Councillors agreed the recommendations of the report with an additional recommendation for the report to be presented at all area committee meetings. Read the corporate parenting report in full on the committee page of the website. 


Kinship care 

Committee members also considered and commented on the Kinship Care Service Annual Report 

2020-21 and agreed to support the ongoing work of the Kinship Care Team in the year ahead. Aberdeenshire’s commitment to placing children within their extended family wherever safe and appropriate to their needs was underlined. Councillors recognised the value of this team in helping families and supporting children and young people through very difficult times.   


Read the agreed report in full. 


Virtual head teacher 

Councillors were pleased to hear from Aberdeenshire’s virtual head teacher, Emma Allen, on progress made to support care experienced children and young people and priorities outlined following the national Independent Care Review to keep on track with ‘The Promise’ – that every child grows up loved, safe and respected, able to realise their full potential.  


Committee members acknowledged the challenges in terms of data collection on attainment, and that it’s not possible to compare like-for-like data at the moment. They also commended officers’ innovation on delivering our commitment to The Promise and are pleased with the efforts going in to engaging directly with young people, being responsive to their feedback and work ongoing to develop support groups in secondary schools.


Read the agreed report in full.


Throughcare and after care 

Children’s Services’ annual report on Throughcare and Aftercare was also brought to the table, with councillors asked to consider and comment on the findings and continue to support the work of this important team. They support care experienced young people as they transition from child to adult services, and up until their 26th birthday if a young person is willing to accept support.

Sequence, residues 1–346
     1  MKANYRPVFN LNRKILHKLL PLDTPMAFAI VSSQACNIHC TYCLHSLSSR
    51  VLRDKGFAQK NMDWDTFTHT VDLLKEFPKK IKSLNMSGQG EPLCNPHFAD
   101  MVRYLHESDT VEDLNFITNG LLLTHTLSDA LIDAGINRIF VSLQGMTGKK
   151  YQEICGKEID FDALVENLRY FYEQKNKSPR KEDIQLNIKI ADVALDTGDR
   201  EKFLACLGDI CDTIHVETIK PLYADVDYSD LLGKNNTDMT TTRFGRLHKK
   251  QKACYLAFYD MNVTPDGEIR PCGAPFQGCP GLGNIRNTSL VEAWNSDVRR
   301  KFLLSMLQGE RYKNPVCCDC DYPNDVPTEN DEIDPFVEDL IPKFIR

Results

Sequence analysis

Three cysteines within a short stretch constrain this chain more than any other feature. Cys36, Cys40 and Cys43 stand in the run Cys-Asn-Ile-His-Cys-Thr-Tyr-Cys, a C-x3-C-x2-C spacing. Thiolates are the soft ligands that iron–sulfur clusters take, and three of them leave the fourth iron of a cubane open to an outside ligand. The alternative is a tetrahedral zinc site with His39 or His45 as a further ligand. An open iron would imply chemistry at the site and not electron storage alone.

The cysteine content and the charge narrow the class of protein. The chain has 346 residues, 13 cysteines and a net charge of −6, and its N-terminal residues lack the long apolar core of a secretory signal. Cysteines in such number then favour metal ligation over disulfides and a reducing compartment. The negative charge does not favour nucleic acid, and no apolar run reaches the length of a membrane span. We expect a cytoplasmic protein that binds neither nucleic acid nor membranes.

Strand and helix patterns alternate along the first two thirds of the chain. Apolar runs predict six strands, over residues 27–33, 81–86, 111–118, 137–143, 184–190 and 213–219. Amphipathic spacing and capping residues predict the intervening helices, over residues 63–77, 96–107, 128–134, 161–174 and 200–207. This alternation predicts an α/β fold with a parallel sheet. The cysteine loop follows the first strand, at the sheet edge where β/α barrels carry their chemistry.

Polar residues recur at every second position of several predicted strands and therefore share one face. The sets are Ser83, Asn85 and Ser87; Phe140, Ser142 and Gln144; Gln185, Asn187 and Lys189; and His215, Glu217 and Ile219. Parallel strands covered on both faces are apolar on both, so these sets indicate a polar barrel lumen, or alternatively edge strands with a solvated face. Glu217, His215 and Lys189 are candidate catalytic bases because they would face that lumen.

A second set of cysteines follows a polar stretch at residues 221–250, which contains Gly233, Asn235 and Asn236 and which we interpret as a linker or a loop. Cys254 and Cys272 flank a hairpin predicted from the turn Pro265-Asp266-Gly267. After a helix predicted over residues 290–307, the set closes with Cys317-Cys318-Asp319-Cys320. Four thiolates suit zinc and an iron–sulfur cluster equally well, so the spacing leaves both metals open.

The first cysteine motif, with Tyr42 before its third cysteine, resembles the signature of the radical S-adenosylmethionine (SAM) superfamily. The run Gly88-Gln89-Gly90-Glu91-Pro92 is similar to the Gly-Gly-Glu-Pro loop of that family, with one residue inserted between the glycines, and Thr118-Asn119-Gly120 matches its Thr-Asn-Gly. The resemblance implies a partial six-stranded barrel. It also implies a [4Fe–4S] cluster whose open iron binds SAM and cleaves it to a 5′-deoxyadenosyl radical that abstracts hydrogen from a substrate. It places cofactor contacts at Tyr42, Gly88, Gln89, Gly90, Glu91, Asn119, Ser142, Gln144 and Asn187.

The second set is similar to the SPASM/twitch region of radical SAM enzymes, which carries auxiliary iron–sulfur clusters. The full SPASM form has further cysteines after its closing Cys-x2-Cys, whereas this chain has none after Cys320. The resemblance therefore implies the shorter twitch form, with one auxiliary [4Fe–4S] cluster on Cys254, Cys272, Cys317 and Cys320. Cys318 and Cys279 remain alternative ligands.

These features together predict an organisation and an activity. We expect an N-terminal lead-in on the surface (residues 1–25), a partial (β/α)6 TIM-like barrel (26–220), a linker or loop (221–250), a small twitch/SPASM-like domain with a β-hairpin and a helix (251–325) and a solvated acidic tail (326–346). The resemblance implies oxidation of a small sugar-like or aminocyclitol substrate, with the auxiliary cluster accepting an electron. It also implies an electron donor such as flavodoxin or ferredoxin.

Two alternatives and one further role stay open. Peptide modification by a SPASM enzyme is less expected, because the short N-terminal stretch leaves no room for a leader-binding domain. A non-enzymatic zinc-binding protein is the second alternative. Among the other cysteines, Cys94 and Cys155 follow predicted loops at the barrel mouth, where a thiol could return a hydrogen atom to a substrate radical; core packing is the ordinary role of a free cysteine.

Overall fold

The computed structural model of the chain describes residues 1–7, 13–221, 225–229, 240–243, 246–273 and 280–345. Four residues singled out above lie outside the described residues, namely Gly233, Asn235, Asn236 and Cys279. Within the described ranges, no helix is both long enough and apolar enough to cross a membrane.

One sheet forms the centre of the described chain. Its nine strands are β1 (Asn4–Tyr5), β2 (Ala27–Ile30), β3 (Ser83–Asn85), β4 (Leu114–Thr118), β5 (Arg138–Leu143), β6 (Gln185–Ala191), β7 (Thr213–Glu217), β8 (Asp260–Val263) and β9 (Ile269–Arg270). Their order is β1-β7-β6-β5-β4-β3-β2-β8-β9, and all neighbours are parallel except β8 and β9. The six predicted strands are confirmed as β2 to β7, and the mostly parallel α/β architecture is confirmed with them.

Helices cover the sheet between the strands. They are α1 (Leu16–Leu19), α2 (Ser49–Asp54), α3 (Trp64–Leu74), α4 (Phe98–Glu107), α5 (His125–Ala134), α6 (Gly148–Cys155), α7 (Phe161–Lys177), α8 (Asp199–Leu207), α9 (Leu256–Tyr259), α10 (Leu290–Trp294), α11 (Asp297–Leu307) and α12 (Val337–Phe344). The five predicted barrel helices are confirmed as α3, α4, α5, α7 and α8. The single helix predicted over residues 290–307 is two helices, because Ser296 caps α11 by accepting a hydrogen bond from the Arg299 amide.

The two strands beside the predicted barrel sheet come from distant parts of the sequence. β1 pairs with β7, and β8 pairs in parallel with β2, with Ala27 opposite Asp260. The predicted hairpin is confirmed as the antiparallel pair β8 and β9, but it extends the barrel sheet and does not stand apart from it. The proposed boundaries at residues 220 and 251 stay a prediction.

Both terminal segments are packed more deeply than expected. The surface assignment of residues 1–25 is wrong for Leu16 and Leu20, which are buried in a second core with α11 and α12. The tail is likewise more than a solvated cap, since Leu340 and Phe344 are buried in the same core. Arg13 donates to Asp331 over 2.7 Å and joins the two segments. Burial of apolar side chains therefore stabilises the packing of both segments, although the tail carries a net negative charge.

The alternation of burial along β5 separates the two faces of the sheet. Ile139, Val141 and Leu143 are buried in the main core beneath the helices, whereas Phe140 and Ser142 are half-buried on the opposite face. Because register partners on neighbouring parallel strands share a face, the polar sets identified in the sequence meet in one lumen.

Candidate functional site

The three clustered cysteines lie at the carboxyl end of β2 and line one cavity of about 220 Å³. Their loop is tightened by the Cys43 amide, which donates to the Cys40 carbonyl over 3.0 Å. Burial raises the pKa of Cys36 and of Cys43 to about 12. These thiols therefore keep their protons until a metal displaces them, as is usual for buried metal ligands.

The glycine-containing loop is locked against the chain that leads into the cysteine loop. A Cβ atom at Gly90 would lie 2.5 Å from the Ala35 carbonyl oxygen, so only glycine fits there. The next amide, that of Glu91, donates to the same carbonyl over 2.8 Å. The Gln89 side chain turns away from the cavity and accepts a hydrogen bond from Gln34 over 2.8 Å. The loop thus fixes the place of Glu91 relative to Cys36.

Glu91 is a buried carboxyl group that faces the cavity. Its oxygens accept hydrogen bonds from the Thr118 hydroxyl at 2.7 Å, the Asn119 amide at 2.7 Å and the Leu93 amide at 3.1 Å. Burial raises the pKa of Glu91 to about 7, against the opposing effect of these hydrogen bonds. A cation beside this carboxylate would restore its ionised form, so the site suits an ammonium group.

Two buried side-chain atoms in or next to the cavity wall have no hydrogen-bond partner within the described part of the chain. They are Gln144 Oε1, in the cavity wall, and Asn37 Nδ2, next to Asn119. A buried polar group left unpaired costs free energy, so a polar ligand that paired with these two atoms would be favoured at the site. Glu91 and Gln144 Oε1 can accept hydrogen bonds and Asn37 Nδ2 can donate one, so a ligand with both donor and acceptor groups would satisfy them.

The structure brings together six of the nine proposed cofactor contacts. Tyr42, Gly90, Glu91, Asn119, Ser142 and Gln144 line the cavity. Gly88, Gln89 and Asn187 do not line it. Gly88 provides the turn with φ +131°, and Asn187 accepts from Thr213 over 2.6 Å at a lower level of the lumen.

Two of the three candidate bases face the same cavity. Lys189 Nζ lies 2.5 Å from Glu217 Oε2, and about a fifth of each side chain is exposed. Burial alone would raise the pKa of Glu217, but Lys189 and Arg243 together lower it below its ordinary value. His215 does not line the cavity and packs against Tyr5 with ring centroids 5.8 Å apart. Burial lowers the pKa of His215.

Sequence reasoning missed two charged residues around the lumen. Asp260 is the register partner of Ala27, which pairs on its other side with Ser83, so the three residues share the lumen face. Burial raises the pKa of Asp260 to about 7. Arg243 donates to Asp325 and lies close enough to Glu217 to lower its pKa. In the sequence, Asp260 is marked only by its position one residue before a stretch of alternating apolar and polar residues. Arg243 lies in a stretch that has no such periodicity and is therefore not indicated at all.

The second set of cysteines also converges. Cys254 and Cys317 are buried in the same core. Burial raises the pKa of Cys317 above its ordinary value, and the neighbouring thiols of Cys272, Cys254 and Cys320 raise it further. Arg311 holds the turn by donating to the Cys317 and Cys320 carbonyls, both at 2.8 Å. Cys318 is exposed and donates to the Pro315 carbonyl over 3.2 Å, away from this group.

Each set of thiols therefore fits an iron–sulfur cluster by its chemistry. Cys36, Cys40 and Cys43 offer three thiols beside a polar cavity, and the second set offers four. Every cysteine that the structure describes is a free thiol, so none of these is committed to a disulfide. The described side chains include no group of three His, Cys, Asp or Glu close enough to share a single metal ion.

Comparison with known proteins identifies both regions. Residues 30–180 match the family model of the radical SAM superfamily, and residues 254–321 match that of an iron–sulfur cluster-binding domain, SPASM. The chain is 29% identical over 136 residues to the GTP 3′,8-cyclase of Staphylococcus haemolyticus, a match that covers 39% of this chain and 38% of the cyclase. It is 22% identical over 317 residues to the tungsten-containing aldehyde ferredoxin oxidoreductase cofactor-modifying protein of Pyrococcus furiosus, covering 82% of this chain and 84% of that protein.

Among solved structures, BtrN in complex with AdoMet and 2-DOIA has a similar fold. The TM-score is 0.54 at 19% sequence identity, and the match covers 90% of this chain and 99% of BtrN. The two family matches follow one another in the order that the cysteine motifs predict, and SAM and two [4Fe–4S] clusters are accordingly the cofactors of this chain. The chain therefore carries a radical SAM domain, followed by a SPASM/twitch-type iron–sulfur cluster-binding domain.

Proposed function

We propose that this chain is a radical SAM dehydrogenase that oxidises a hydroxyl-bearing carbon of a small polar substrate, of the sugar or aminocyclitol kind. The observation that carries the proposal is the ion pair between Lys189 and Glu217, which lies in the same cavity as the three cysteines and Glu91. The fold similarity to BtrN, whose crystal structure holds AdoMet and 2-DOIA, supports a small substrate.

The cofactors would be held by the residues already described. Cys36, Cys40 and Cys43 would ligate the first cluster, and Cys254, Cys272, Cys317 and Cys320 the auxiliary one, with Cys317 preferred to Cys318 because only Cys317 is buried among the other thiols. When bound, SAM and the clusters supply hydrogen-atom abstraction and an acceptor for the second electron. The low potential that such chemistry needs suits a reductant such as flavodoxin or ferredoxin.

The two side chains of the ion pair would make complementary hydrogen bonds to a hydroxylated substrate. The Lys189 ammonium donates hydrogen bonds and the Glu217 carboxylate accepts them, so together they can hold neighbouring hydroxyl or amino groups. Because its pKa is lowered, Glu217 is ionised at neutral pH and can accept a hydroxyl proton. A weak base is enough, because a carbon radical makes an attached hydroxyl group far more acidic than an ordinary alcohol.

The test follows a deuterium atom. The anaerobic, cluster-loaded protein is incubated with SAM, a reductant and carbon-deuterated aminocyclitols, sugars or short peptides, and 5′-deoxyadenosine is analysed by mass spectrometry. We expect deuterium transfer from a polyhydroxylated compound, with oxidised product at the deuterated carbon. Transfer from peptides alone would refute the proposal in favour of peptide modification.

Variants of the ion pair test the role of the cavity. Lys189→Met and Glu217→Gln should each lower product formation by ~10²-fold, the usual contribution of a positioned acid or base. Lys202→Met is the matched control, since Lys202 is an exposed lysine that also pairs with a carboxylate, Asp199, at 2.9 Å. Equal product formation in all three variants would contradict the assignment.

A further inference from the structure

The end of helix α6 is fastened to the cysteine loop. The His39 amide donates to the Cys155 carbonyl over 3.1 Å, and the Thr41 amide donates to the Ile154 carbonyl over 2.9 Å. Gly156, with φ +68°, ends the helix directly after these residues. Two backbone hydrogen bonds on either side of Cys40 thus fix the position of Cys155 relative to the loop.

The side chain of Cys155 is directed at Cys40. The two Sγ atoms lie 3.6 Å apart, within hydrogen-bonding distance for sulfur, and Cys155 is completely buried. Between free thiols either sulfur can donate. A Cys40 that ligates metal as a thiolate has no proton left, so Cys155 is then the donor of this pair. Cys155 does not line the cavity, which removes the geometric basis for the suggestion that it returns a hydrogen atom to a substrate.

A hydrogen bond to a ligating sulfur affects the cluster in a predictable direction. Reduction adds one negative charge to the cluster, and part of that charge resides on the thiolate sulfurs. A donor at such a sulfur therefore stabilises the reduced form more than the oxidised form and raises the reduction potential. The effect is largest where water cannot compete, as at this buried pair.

Councillors heard about work ongoing to deliver support in a range of areas, including helping young people to access healthcare and housing. Their hard work to support young people during lockdowns was recognised, with officers prioritising things like ensuring digital connectivity and partnering with other agencies who could help, and officers commended the tenacity and resilience shown by young people during such a difficult period. Feedback from young people continues to shape the improvement and development of this team’s work.


Read the agreed report in full.


Children’s homes 

An annual report on Aberdeenshire’s Children’s Homes and Supported Accommodation Service was also discussed, and the emphasis on ensuring care experienced young people are provided with the right support at the right time recognised. Councillors welcomed the high inspection grades awarded to Aberdeenshire’s facilities and teams and commended the lengths teams have gone to support our vulnerable young people during a period like no other, at the same time as supporting their own families going through lockdown. Teams are committed to helping and enabling young people to move on from care, and gain the support and skills they need to develop their independence.


Read the agreed report in full.


Financial performance monitoring 

A series of reports are brought to committee throughout each financial year to understand how budget management across the service is going. At the moment, this shows a significant overspend and while councillors understand a variety of budget pressures are there for very good reason they also highlighted the need to deliver a balanced budget at year end.


Read the agreed report in full.